UB Dean Pitman and faculty reflect on his tenure, look to future

Dean stepping down comes as humanities lose enrollment


While some department chairs think of E. Bruce Pitman as an “innovative leader,” they also acknowledge the difficult situation he was placed in during his five years as dean of the College of Arts and Sciences.

“He inherited CAS at a time when interest in STEM was accelerating,” said Michael Detty, chair of the chemistry department. “If you look at the enrollment in chemistry, physics and biology, they’re skyrocketing. But if you look at the enrollment in romance literature and more traditional arts, those enrollments were declining.

“I think what drove [Pitman] to step down was the financial tension as to how we manage this,” Detty said.

Pitman announced he will step down as dean at the end of the academic year, ending a five-year tenure that saw him recruit 120 faculty members and help develop the college’s first strategic plan, CAS@20, but also included a major decrease in enrollment for the college’s departments like English, arts, history and foreign language. 

Pitman was appointed to a five-year term that ends this June. He said he is not “resigning,” but is choosing to step down when his term is completed to return to a full-time faculty role.

“You work as hard as you can, get as much done as you can to help the institution,” Pitman said in an email. “Then at some point you need to say I’ve done my part and it is time for someone else to carry things to the next stage.”

Detty said Pitman had to manage “accelerated growth” in the STEM areas, which are expensive, and manage a decline in the arts, which are less expensive but have low student enrollment. From 2004 to 2014, the arts, foreign languages, history and English enrollment decreased 46, 47, 61and 63 percent, respectively.

Detty said all Pitman could do was manage growth on one side and maintain stability on the other.

Pitman was involved in the creation of several programs and initiatives, such as the Department of Materials Design and Innovation and the Computational and Data-Enabled Science and Engineering program and UB RENEW and the Communities of Excellence.

“Throughout the 16 years I have been in administrative appointments, I have kept an active research program,” Pitman said. “I owe a lot to collaborators who put up with my not always being able to get things done on the timeline we set.”

But Pitman’s tenure also included UB’s controversial Shale Resource and Society Institute that the university ultimately shutdown in 2012 for what President Satish Tripathi called a “cloud of uncertainty.” Many questioned the institute’s positive findings about fracking and whether or not it received industry funding.

At the time, Pitman defended the institute and denied that it received funding from the oil industry. In email responses, Pitman did not acknowledge The Spectrum’s question about his current opinion on the institute looking back.

Detty said Pitman “explored both sides” of the fracking incident.

“It took guts to do that because it was controversial,” Detty said. “It was an innovated approach to addressing the societal need.”

Pitman’s decision to step down comes as UB is preparing to implement new general education requirements for next fall, but Pitman and other chairmen are still expecting a successful launch.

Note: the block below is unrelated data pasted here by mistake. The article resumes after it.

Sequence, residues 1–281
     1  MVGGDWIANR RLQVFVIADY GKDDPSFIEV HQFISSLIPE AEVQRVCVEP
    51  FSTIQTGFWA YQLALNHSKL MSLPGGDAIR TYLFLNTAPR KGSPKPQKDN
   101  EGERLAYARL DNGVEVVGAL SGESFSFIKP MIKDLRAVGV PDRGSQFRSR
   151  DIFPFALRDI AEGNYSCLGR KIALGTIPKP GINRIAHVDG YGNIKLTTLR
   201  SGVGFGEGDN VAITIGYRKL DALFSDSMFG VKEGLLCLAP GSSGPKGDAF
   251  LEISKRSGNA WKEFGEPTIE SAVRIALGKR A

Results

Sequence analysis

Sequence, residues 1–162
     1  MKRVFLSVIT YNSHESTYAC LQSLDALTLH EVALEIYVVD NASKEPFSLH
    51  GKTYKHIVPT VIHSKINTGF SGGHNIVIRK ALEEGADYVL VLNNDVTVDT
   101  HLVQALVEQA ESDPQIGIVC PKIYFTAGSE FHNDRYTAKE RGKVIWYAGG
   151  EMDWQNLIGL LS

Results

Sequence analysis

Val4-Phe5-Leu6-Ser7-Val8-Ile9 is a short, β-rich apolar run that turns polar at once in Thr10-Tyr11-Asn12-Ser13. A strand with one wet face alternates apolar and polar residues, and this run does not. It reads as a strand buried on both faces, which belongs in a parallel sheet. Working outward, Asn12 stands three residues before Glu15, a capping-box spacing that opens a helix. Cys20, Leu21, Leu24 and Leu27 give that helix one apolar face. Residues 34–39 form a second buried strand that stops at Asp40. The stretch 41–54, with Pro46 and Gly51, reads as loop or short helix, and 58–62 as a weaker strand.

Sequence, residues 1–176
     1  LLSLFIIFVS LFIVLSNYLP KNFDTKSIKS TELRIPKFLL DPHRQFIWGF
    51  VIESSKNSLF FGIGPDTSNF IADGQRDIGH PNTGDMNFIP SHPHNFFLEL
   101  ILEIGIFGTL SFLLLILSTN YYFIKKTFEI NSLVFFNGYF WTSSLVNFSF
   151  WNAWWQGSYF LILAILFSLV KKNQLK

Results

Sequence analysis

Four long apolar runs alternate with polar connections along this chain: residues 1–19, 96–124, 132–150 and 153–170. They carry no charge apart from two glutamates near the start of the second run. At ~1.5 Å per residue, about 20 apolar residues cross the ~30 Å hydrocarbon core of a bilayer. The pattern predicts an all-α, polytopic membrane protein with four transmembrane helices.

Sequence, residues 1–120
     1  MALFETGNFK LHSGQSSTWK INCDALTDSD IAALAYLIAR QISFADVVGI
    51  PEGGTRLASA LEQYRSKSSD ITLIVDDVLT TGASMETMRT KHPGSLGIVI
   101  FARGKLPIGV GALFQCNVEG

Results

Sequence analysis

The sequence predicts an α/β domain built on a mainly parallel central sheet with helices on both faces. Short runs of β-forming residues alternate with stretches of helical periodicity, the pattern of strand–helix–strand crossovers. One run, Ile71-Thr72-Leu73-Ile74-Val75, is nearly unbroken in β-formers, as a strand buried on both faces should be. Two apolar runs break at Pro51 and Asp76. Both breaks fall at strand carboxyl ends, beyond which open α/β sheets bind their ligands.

“The college is, of course, deeply involved with the UB curriculum process,” Pitman said. “The faculty in the CAS departments have worked hard to organize courses and put in place all that is being asked of the college and that good work will continue.”

CAS has 108 undergraduate seminars that have been approved, according to Detty. Pitman has meetings scheduled with chairs to go over what each department will contribute to the new general education requirements.

Hong Luo, chair of the physics department, said Pitman “strengthened the identity” of the college and his “leadership in this area will be missed, but the process is already in motion and the system remains intact.”

Pitman stepping down also continues a trend of UB deans resigning and stepping down.

There have at least been five other deans to resign in the past year and a half, including former Law School Dean Makau Mutua, who resigned in September 2014 amid allegations of lying under oath, and former School of Management Dean Arjang Assad, who resigned this summer to become the University of Pittsburgh’s business school dean.

Pitman had no comment on other deans’ resignations.

“As I say, my own reasons have to do with my having dedicated my efforts to UB in an administrative capacity over the past decade and a half,” he said.

Once Pitman steps down, he said he looks forward to putting in more time and energy into research projects. In particular, he is focusing on “issues of uncertainty in numerical simulation and data analysis, part of a joint effort with colleagues in engineering, geology and colleagues at Duke University in statistics.”

Pitman received his Ph.D from Duke.

“Change is always hard, but I’m sure [Pitman] will have more time to enjoy his new role and the college will continue to improve with quite a bit of momentum already in place,” Luo said.

Detty said Pitman will be great going back to a faculty member, but he and the College “miss him as a dean.”

Provost Charles Zukoski will begin a search for the College’s next dean in early 2016. Regardless of who replaces him, Pitman has something to say to his successor.

“I would tell my successor that there are fabulous people working in the deans’ office and in the departments – talented, capable, dedicated folks who are also nice people,” he said.

Gabriela Julia is the senior news editor and can be reached at gabriela.julia@ubspectrum.com. Follow her on Twitter at @GabrielaaJulia.